Would a tractor beam consisting of a powerful suction force be usable as a method of grabbing targets at a maximum range of about 10yd? This is obviously only applicable when not in the vacuum of space, and would have a vent right before the fan, so as to avoid slicing up whatever was "grabbed". Would this work at all? If so, would a 150 pound creature survive the trip?

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    $\begingroup$ Over what kind of range? A running jet airliner engine, for instance, can pull in a human being walking within, say, 10m of it, but not much further than that. $\endgroup$
    – Cadence
    Commented Nov 14, 2022 at 3:13
  • $\begingroup$ That's about the distance I was thinking $\endgroup$ Commented Nov 14, 2022 at 3:37
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    $\begingroup$ Not sure tractor beam is the right word for this even in jest, a suction hoover doohickey will lack more than a few of the performance characteristics of a tractor beam as generally depicted in sci fi .. for a start you won't be able to hold anything in position at a desired distance for sure, nor control the speed of approach or repulsion, it's going to be an all or nothing speed in relation to speed. $\endgroup$
    – Pelinore
    Commented Nov 14, 2022 at 11:53
  • $\begingroup$ @Cadence Although 10 m is the recommended forward clearance distance of a jet engine, I don't think we can conclude from that alone that a person could be sucked in at that range. Those hazard zones are also going to be there to make sure that dropped gear, loose clothing, etc. would also be unlikely to be pulled in... and surely have a healthy margin for "I didn't realize how close I was to the engine". $\endgroup$ Commented Nov 14, 2022 at 20:49
  • $\begingroup$ If you have access to a fan you could experiment putting your hand behind it and notice that there is way less airflow from where the air is being pulled than where the air is being blown. This is the problem of this idea: The vacuum cleaner tractor beam would need to be basically right next to the thing it's trying to pull to work. $\endgroup$ Commented Nov 15, 2022 at 1:58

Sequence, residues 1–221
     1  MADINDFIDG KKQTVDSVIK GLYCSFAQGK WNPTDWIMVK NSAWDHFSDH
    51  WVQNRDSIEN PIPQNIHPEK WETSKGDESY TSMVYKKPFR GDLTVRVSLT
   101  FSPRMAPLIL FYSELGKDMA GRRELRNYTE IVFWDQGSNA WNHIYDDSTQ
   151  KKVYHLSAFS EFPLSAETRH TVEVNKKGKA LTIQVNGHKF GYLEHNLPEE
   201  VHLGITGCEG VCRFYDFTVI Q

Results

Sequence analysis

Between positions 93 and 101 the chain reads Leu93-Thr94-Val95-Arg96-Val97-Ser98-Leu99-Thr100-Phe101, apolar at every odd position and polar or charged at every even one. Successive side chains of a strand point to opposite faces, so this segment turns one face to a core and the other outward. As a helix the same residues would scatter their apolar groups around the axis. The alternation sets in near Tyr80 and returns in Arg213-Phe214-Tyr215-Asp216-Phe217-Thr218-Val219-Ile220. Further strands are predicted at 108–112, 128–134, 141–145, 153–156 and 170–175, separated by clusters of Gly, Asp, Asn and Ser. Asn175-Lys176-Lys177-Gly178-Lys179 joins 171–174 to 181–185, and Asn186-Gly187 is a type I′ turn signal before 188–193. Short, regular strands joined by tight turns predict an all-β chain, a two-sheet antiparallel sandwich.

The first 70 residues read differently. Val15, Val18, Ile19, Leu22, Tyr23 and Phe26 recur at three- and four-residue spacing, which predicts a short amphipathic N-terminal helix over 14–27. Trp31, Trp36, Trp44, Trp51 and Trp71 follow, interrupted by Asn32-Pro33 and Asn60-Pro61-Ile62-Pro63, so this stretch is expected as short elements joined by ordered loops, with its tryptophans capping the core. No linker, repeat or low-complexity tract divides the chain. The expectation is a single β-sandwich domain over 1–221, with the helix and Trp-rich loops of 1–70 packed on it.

1 Answer 1



The fundamental problem with this idea is that technically vacuum cleaners don't 'suck' they just allow the air on the other side to 'blow'. (Go ahead and get all the juvenile jokes out of your system now.) Creating a low pressure zone means that the air will rush in from higher pressure zones until an equilibrium is reached. In turn, this means that even if the nozzle of your I'd-like-to-be-a-tractor-beam vacuum cleaner could create a perfect vacuum (which it cannot), the maximum pressure differential that can be achieved is one atmosphere. That's directly in front of the nozzle - if you're talking about trying to hoover up a person even five metres in front of the nozzle then the air is rushing in from all directions and the pressure differential - and consequent wind speed - is much less.

Experiments and accidents involving rapid depressurisation of aircraft and spacecraft show that it is possible for people right next to a breach to be sucked (blown) through it. They need to be right next to it, though - even a few metres of separation is enough to allow them to avoid that fate if they have something to hold onto. You might be able to capture someone some metres further away if you put them on a perfectly smooth, oil-slicked surface... In practical terms, though, if they are close enough to be captured by a big vacuum cleaner then they are close enough to be grabbed by a mechanical arm that can be extended a few metres.

Consider also that the "tractor-vacuum" will be creating a vacuum that will result in everything of sufficiently low density being pulled in. So there is no chance of just capturing one person, unless everyone else is much further away, along with all the bags, litter, dirt, vegetation, animals etc filling the sphere whose radius the target person is also within.

Note that when Mythbusters were attempting the scuba-diver-sucked-up-by-water-bomber myth that they were unable to maintain a good enough seal to keep hold of the "diver" in order to even get them out of the water, let alone carry them anywhere. Admittedly that was using a pump designed to suck up water, but the results are indicative.

In summary - if a person is close enough to capture with a giant vacuum cleaner, they are close enough to grab with a mechanical arm that will use a tiny fraction of the power and will be far more selective.


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